The physical resources alone—data centers, hardware, software, and so on—can be a huge drain on an organization's funds. In addition, lack of expertise can lead to processes that unintentionally create bottlenecks which delay and sometimes derail integration. Currently, HIEs that rely on internal resources for data integration and management very often face so many pitfalls that they run out of money before an appropriate system is in place.
Pursuing a shared infrastructure approach
There is an answer to the challenge of timely data integration—a shared infrastructure approach. This involves outsourcing the core data integration task to an experienced third-party specialist that leverages secure cloud technology to facilitate a scalable infrastructure and offer valuable data transformation and translation tools.
There are several benefits to pursuing a shared infrastructure approach. The first is expertise. Because data integration and harmonization are core competencies for Integration Platform-as-a-Service (iPaaS) providers, they understand how to achieve comprehensive data integration much faster than an HIE could accomplish on its own—and without requiring new capital outlays or hiring additional IT staff. An HIE would be able to rely on its partner’s expertise, both professionally and technologically, to efficiently drive integration.
Not only does this expertise result in a better solution, it also removes the burden of data integration from HIE IT staff. This is vitally important, because it frees them to focus on data informatics and the critical task of running applications that package data for the various facets of meaningful use.
Since recent federal legislation requires hospitals and physicians to demonstrate meaningful use of electronic health record (EHR) data in order to receive incentive payments, many potential HIE customers are interested in working with an HIE that has well-developed applications to facilitate the job. In addition, pharmaceutical companies might be interested in applications that support secondary data use, such as matching qualified patients with open clinical trials. By using a shared infrastructure approach to shift focus from data integration to revenue-generating applications and compliance, an HIE can offer greater service to its customers and attract new business.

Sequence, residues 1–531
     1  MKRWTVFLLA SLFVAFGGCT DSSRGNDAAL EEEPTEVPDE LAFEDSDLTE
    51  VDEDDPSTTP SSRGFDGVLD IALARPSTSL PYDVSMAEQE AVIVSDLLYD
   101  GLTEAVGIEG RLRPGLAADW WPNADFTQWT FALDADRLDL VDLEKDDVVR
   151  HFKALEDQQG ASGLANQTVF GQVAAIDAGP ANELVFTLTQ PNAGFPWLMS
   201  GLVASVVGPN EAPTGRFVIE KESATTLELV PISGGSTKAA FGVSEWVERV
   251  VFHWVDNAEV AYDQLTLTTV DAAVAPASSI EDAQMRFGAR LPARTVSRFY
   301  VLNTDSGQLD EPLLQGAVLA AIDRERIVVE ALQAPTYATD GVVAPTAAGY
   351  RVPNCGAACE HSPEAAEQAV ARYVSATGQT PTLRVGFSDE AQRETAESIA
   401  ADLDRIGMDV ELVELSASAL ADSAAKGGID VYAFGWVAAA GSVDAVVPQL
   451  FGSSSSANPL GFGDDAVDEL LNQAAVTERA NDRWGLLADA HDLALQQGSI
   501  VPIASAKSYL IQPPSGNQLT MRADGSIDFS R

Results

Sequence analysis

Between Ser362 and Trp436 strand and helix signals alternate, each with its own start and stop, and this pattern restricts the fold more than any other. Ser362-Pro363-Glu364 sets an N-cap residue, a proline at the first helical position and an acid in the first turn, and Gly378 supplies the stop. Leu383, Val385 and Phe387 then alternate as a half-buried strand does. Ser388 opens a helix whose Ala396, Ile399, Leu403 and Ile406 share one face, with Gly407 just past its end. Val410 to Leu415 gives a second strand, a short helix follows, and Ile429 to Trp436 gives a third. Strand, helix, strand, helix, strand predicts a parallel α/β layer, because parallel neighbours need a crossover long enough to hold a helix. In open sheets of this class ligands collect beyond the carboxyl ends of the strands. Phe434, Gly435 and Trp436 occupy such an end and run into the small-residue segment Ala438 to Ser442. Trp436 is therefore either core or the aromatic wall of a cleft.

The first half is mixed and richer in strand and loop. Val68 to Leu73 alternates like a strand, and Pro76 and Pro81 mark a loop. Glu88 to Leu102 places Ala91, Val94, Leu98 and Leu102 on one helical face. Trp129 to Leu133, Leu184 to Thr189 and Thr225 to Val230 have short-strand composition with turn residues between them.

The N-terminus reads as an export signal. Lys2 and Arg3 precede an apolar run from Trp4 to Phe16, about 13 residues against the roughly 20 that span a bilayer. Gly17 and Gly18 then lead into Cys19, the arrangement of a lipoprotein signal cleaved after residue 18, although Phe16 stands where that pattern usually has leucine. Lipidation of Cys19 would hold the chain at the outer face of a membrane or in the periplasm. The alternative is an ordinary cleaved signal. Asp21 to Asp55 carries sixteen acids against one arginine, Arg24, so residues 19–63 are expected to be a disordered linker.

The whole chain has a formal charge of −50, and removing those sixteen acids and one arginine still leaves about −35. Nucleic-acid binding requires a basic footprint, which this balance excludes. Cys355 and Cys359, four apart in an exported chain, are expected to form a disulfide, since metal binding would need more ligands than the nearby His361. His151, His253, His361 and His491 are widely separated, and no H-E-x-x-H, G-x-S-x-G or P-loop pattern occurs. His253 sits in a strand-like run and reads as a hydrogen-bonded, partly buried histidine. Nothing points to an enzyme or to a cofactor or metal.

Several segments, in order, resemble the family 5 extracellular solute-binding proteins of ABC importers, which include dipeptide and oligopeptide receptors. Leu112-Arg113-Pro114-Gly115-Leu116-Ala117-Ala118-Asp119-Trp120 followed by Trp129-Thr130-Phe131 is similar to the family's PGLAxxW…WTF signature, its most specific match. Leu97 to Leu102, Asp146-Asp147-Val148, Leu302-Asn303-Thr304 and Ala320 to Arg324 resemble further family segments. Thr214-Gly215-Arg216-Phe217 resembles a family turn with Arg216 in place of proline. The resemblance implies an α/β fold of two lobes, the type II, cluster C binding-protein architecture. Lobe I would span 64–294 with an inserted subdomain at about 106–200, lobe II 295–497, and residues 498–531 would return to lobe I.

A shared infrastructure relationship additionally moves the cost of data integration from a capital expense—data center, hardware and software—to an operational expense. The HIE is now paying for an integration and data management service instead of a technology installation. This allows for better budgeting as well as enhanced cash flow.
Relying on an outside vendor can also help keep HIEs more nimble and adaptable to changing healthcare standards. As new standards governing HIE interoperability, patient privacy and information sharing come into play, a third party specialist is better able to keep up-to-date on new developments and ensure compliance.
Adopting an old concept for new sustainability
The concept of outsourcing projects or systems to providers that offer “best of breed” service is not new. Organizations across many industries, including healthcare, do it every day. Health systems routinely turn to outside experts to develop, implement and manage everything from EHRs to revenue cycle, for example.
To achieve sustainability, HIEs must take the same approach to integration and data management. By taking advantage of the cloud-based integration and data harmonization expertise available outside their walls, HIEs can speed the process, increase their customer base, expand their revenue streams—and ultimately ensure sustainability.
Gary Palgon is the Vice President of Healthcare Solutions for Liaison Technologies, which provides healthcare organizations with innovative solutions to complex integration and data management needs. He can be reached at firstname.lastname@example.org.